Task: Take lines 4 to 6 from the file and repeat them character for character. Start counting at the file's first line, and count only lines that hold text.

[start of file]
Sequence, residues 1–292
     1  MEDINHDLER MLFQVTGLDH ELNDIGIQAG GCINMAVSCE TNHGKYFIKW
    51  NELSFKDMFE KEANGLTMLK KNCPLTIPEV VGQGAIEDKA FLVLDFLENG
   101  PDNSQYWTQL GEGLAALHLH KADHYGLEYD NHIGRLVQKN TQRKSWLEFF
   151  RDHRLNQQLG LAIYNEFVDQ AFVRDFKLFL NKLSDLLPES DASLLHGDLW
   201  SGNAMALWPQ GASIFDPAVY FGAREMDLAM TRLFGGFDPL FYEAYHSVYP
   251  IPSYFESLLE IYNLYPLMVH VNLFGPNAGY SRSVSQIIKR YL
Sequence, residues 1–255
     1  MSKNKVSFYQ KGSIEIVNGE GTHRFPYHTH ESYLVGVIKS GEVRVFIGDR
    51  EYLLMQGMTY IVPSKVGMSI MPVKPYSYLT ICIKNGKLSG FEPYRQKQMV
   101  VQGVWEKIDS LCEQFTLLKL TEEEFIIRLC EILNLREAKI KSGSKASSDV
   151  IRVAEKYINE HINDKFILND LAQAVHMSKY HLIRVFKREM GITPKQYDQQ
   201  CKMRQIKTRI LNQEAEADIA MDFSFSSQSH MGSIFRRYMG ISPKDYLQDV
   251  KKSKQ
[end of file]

   101  PDNSQYWTQL GEGLAALHLH KADHYGLEYD NHIGRLVQKN TQRKSWLEFF
   151  RDHRLNQQLG LAIYNEFVDQ AFVRDFKLFL NKLSDLLPES DASLLHGDLW
   201  SGNAMALWPQ GASIFDPAVY FGAREMDLAM TRLFGGFDPL FYEAYHSVYP